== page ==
22 trillion dollars is a lot of broken tables

The word bankrupt literally means broken table.

It comes from two Italian words; bancus (table or bench) and ruptus (broken). If a Roman trader was unable to meet their debts or their business practices were unscrupulous, their trading table would be broken – a clear sign for all.

In the New Testament, Jesus also vandalised some tables in a temple. He found that the money changers and the dove (colombe) sellers not so much financially bankrupt, but morally and spiritually bankrupt.

The Old Testament says bankruptcy and debt were often forgiven every 50 years; an event known as the Jubilee or Holy Year. According to the book of Leviticus; slaves and prisoners would be freed, debts would be forgiven and the mercies of God would be in abundance.

The Greeks weren’t so forgiving. If a man owed a debt that he was unable to pay, his entire family ­including any servants he owned became debt slaves. Today bonded or debt labour is the most widely used method of enslaving people around the world.

 

A fantastic and grotesque story about debt and forgiveness concerns the Creech tribe of Sumatra. It’s a brilliant story to impress dinner guests, but best told between dishes. Travel writer Paul Theroux in his book of anthropological fiction Unspeakable Rituals describes the Creech people as violent, quarrelsome, and in general, not very nice. But he says they have one unique tribal tradition.

Instead of complicated debt laws the Creech have a Memory Man. The Memory Man receives his title at birth. He possesses the entire memory of the tribe, and may spend as much as a week, day and night, reciting their genealogies, property, debts and activities

The Memory Man receives his title at birth.

He possesses the entire memory of the tribe, and

may spend as much as a week, day and night,

reciting their genealogies, property,

debts and activities.

Theroux writes:

When a dispute arises the Memory Man settles it, because he knows what really happened. He knows all the secrets, debts, lies, infidelities and crimes.

After thirty years have passed and he is old by Creech standards – shrunken, wrinkled, probably toothless, probably losing his memory – a meeting is convened. The Memory Man recites the whole of the Creech history (or as much of it as he can remember) and at the conclusion he is put to death. He is then barbecued and eaten by every member of the tribe, in a ritual known as the ceremony of purification.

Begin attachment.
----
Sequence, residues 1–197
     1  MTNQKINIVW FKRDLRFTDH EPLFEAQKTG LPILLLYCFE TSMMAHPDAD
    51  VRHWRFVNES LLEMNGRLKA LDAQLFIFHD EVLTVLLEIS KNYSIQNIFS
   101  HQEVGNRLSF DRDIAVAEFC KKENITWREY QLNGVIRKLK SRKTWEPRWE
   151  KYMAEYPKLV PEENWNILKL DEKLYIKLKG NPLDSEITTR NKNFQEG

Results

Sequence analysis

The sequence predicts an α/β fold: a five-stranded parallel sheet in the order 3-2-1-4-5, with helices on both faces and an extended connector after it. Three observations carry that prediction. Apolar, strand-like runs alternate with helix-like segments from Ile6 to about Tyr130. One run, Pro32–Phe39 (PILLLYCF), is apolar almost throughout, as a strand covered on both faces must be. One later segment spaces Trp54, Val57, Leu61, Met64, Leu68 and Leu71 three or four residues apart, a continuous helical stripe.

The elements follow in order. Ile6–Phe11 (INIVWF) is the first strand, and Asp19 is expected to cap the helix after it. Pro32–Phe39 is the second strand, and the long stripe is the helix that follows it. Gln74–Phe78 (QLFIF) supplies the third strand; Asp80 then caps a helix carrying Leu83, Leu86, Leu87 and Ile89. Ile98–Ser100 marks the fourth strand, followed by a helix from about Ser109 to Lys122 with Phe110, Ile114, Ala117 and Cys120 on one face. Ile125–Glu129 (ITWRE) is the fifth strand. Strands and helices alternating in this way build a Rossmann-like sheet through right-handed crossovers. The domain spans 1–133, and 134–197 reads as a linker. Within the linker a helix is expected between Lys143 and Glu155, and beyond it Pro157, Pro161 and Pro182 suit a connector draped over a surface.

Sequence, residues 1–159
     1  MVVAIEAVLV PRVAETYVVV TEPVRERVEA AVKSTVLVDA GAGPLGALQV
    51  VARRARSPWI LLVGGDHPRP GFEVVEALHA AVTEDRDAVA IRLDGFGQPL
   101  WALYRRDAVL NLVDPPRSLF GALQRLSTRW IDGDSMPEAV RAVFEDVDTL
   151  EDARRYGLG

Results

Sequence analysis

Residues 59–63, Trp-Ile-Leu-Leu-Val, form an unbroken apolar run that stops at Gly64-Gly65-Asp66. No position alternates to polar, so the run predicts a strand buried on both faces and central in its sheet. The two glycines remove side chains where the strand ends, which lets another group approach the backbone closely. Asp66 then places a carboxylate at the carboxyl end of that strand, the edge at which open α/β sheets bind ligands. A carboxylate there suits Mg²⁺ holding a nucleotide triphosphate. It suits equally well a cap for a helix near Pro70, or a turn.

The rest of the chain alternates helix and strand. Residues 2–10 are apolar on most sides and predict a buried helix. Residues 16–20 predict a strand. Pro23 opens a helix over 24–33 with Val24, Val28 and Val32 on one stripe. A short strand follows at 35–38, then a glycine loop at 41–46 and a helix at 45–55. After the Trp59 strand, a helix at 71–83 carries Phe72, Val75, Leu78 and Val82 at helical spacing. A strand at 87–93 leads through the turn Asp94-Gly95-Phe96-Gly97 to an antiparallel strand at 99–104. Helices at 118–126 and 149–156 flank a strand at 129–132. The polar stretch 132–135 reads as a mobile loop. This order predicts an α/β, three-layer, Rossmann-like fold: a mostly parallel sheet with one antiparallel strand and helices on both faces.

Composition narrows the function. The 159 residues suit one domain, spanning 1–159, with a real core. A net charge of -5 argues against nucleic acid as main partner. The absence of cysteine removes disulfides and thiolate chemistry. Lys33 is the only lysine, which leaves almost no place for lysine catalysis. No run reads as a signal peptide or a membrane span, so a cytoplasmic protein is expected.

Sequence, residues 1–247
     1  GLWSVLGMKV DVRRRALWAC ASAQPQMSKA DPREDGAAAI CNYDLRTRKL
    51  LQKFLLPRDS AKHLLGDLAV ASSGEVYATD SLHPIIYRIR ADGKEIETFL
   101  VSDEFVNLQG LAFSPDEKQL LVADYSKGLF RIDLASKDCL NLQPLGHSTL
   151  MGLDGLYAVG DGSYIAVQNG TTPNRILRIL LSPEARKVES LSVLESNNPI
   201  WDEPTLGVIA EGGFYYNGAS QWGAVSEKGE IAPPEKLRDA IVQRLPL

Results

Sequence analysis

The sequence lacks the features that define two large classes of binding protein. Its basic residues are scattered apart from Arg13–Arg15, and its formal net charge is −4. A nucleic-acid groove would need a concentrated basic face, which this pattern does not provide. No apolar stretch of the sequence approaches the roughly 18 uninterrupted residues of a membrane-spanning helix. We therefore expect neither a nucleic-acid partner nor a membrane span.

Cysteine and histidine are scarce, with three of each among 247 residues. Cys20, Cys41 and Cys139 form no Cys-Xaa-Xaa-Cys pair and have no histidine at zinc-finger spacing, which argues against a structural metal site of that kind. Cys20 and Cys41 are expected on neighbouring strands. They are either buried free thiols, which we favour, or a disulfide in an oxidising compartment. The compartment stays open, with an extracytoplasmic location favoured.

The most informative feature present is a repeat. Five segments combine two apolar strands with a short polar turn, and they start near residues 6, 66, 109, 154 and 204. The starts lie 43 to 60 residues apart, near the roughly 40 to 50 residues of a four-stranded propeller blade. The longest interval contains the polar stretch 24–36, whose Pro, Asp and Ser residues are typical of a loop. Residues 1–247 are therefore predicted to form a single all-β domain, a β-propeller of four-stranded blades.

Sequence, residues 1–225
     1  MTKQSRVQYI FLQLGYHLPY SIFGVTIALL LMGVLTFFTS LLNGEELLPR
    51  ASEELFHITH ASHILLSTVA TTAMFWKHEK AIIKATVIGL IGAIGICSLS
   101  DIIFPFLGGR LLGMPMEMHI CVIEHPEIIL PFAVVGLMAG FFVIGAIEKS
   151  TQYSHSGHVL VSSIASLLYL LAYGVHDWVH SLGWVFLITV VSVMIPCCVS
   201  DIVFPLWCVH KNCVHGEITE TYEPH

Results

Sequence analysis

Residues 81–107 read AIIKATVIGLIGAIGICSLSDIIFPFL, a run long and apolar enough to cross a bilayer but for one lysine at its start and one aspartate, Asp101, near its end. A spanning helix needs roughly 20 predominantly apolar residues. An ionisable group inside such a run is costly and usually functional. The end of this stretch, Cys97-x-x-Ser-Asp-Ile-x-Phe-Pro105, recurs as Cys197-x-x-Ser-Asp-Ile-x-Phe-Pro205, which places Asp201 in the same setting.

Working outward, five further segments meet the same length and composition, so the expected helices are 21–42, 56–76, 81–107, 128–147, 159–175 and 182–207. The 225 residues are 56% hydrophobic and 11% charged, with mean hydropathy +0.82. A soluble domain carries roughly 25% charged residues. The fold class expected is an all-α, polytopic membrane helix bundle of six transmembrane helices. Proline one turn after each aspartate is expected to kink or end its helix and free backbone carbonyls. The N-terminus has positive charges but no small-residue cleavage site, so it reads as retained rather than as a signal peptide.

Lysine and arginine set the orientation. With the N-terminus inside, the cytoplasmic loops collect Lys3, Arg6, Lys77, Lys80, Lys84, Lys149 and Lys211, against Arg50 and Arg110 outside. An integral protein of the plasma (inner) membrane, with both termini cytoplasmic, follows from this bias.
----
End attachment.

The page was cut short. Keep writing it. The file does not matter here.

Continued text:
Nothing is left. The tribe has literally lost its memory, and they embark on a huge, orgiastic celebration of love and happiness and freedom – the best freedom of all, which is freedom from the past.

In England, before the Bankruptcy Act of 1869, debtors and often their families were routinely imprisoned, sometimes for decades. Most European countries limited imprisonment for debt to one year, but debtors in England were imprisoned until their creditors were reimbursed. When the Fleet Prison closed in 1842, some debtors were found to have been there for 30 years.

The English writer Charles Dickens wrote extensively about the infamous debtors’ prisons in his novels. Dickens’ father was sent to the Marshalsea Prison on the River Thames because of a debt to a baker. Young Charles was forced to leave school and start work at the age of 12 to support his family.

 

Hospital for men at Marshalsea Prison

A parliamentary committee reported in 1729 that 300 inmates starved to death in the prison over a three-month period, and that eight to ten prisoners were dying every 24 hours in the warmer weather.

Dickens was haunted by his experience. He later wrote:

My whole nature was so penetrated with grief and humiliation…that even now, famous and caressed and happy, I often forget in my dreams that I have a dear wife and children; even that I am a man; and wander desolately back to that time of my life.

 

Artist’s impression of a 12-year-old Charles Dickens sent to work to support his family in debtor’s prison

Today in the USA corporate world, bankruptcy (better known as Chapter 11) is a well-used form of debt restructuring when business goes sour.

Donald Trump’s empire of hotels and casinos are valued in the hundreds of millions. In 1991, 1992, 2004, and again in 2009, Trump-branded companies or properties were declared bankrupt and sought Chapter 11 protection.  Many companies, such as General Motors, United Airlines and retail outlet K-mart have filed for Chapter 11, but managed to stay afloat.

Debt is one of the cornerstones of capitalism. The US debt is now about 22 trillion dollars. It’s an inconceivable amount. It is written like this – $22,000,000,000,000. About 75 per cent of Americans are in debt when they die.  The average debt is about $66,000. A staggering 80 per cent of Americans are in some kind of debt; student debt, housing debt, medical debt, credit cart and card debt.

In contrast, thrifty Switzerland prefers a surplus and has the lowest debt to GDP ratio in Europe.

The National Debt Clock in New York is an electronic billboard which constantly updates the current United States gross national debt and each American family’s share of the debt.  The clock was modified in 2008 when the debt and its many zeros outgrew the billboard.

 

So, what does $20 trillion dollars all stacked up in crisp 100-dollar bills look like. Would it fill a swimming pool or a football stadium?   This what it looks like. It’s bigger than the extended Godzilla family, and it is still growing. It will be just as difficult to tame.

 

 

 

Garry Littman

Garry Littman

Garry Littman est le fondateur de The Language House à Genève. The Language House propose des coachings d'anglais à Genève pour les particuliers et les entreprises, ainsi que des cours intensifs d'anglais dans les pays anglophones. Garry a été journaliste en Australie et en Asie, il a travaillé pour World Radio Switzerland.

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